Turkey and Egypt: a new opening for rapprochement?

Nicholas Mehling
12 Min Read

The 28 June attack at Ataturk airport in Istanbul has caused a diplomatic firestorm in Turkey. The incident coincides with Ankara seeking to end its extended period of diplomatic isolation, which has left it without allies and its soft power degraded as it attempted to fill a power vacuum created by the Arab Spring and the US withdrawal from the region.

Turkey’s new prime minister, Binali Yıldırım, alluded to the possibility of a rapprochement with Egypt in an interview with public broadcaster TRT Haber on 27 June. Relations between the two countries turned sour after Turkey received backlash for its support of the Mohamed Morsi government and aid to Hamas. Relations were further soured following allegations of Turkish interference in Egyptian affairs after four men who identified as Turkish intelligence agents were killed and captured in the Sinai Peninsula.

“There isn’t any obstacle [in front of] improving our economic relations with Egypt. Minister-level visits may start,” said Yıldırım. He stated that Turkey’s interests in convalescing the Egyptian relationship is based on trade, the use of Egyptian ports, and the Suez Canal, which Turkey needs in order to trade with the GCC, East Africa, India, and South Asia after Egypt. “There is no reason for economic relations [not] to improve. Our businessmen and our investors can mutually go about improving their investments.”

30 June: starting point of improved relations with Turkey?

However, a distinct lack of eagerness has been noted on the Egyptian side, which has been in an open diplomatic conflict with Erdoğan’s government since the Morsi administration was forced to step down after mass protests swept the Muslim Brotherhood out of power on 30 June 2013. “It must be clear that the recognition of the legitimacy of the Egyptian people’s will, represented in the 30 June revolution, is the starting point for improved relations with Turkey,” foreign ministry spokesperson Ahmed Abou Zaid said in a statement on Tuesday.

In other words, Turkey must drop Morsi and any pretext of a Muslim Brotherhood resurgence, recognise President Abdel Fattah Al-Sisi as the legitimate leader of the nation, and assist the nation in combating, not assisting, terrorism.

With this position, it might seem unlikely that this rapprochement will ever take place considering the remarks made by the Turkish prime minister in the same interview, where he maintained that reconciliation is possible.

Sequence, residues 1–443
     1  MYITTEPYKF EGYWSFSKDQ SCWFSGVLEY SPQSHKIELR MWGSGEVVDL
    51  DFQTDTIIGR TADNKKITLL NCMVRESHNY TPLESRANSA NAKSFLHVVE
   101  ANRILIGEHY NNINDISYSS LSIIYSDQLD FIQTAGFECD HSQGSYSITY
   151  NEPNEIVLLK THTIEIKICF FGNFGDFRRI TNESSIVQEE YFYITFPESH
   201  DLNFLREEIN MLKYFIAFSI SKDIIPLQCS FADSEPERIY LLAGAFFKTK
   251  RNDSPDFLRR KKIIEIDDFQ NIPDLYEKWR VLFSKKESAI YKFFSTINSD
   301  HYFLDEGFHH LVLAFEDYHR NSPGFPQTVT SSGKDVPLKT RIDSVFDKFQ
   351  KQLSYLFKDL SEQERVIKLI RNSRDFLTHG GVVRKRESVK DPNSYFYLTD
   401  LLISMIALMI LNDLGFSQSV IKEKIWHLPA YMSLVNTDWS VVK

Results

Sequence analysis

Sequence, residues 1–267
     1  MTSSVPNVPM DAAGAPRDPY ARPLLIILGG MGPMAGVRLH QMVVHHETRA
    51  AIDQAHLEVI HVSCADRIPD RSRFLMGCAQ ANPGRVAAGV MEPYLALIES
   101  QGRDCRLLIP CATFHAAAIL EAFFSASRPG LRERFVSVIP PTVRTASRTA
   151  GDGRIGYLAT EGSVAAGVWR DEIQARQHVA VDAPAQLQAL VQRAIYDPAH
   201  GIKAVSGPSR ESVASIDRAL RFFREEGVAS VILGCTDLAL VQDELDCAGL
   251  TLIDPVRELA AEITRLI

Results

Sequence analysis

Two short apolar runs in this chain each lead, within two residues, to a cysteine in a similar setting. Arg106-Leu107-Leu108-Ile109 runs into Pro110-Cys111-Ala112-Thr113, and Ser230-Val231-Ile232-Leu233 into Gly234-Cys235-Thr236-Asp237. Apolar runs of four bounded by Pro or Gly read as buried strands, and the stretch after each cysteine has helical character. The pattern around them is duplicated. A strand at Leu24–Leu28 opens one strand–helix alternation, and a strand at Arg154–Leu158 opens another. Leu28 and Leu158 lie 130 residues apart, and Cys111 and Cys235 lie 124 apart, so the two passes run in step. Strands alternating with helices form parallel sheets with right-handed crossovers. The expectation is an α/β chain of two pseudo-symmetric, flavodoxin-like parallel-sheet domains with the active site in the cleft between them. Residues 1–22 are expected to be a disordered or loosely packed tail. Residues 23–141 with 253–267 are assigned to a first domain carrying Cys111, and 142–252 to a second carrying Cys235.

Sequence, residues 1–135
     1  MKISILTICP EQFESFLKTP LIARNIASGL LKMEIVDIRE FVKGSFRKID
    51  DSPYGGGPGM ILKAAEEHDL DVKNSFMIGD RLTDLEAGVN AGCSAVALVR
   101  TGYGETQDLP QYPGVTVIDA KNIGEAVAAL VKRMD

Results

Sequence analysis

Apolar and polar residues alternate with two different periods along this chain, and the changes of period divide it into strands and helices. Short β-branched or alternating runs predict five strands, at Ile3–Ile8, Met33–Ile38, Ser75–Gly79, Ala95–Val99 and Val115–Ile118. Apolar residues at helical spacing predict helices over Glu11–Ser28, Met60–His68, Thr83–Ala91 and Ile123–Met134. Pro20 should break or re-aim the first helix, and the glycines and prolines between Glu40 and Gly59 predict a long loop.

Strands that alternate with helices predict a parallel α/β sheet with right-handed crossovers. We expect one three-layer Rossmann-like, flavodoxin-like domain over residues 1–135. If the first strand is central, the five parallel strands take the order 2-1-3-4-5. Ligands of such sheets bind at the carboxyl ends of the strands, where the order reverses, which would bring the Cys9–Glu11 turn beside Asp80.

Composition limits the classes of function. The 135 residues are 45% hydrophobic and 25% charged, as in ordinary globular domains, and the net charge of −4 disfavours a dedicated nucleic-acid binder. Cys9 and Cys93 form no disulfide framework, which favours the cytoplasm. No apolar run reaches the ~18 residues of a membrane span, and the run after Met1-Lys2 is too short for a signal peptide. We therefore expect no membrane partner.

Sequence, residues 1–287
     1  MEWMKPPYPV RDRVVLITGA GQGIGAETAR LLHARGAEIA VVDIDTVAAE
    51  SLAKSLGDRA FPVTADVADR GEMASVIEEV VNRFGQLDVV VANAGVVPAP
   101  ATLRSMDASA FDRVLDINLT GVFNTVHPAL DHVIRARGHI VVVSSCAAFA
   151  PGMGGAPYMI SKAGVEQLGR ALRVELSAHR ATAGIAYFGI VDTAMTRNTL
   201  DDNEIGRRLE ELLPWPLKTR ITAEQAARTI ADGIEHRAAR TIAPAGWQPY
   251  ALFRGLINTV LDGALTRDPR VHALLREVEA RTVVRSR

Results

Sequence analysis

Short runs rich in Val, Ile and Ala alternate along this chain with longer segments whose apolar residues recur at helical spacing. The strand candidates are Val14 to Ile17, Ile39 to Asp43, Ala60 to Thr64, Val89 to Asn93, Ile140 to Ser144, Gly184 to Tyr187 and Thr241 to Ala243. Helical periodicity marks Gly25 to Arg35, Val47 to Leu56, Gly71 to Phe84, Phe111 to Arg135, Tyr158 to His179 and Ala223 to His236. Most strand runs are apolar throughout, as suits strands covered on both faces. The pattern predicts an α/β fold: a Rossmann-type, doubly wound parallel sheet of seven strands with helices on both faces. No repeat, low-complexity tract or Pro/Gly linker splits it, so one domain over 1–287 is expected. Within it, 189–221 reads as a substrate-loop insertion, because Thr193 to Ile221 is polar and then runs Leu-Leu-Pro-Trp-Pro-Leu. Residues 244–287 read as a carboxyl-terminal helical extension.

However, the prime minister said, in regards to the 30 June Uprising, that “President [Erdoğan] has stated to the world since its beginning that this is a coup and that we will never approve of this change in such a way”.


Amr Adly, an expert in Egyptian affairs at the Carnegie Foundation, has stated that while Turkish-Muslim Brotherhood relations will likely “resume out of sympathy and out of long years of investment”, Ankara knows Morsi is never coming back and that the ”Brotherhood is not likely to become a relevant actor on the Egyptian scene for some time”.

In the case of rapprochement, Turkey may tone down criticism of Egypt, but it remains unlikely that Turkey will expel Brotherhood members. This would be a redline for Egypt as it was in the case of Qatar.

Turkey desperate for allies more than Egypt desperate for investment

Egypt and Turkey are “major trade partners, of course”, says Adly. He explained that “trade relations between Egypt and Turkey have hardly been impacted by the tension between the two governments since mid-2013”. Turkey is one of Egypt’s major export destinations, and “this has been a factor [as to] why the Turkish government did not escalate economically”.

In fact, besides a few bellicose words between the two nations, nothing much economically has happened besides threats of sanctions and boycotts, and Egypt’s annulment of one single maritime transport agreement in 2014 which “wasn’t that significant anyway” because “exchange between the two countries is dominated by the private sector”, says Adly.

However, despite the widening balance of trade deficit between Egypt and Turkey, where Egypt imported $3.1bn and exported $1.2bn, making up a $1.9bn difference, issues between the two countries are primarily political. Turkey has “been keen on using its economic power… to buy political influence”, expressed Adly.

However, in the purchasing influence market, Turkey is falling behind as Egypt’s dependence on Turkish investment is dwarfed by investments from the GCC countries. While Turkish investment reached $1bn during Mohamed Morsi’s rule, investments from Qatar reached $8bn during the same period. Since Morsi’s departure, investment from the UAE, Saudi Arabia, and Kuwait reached $25bn.

Oil and gas discoveries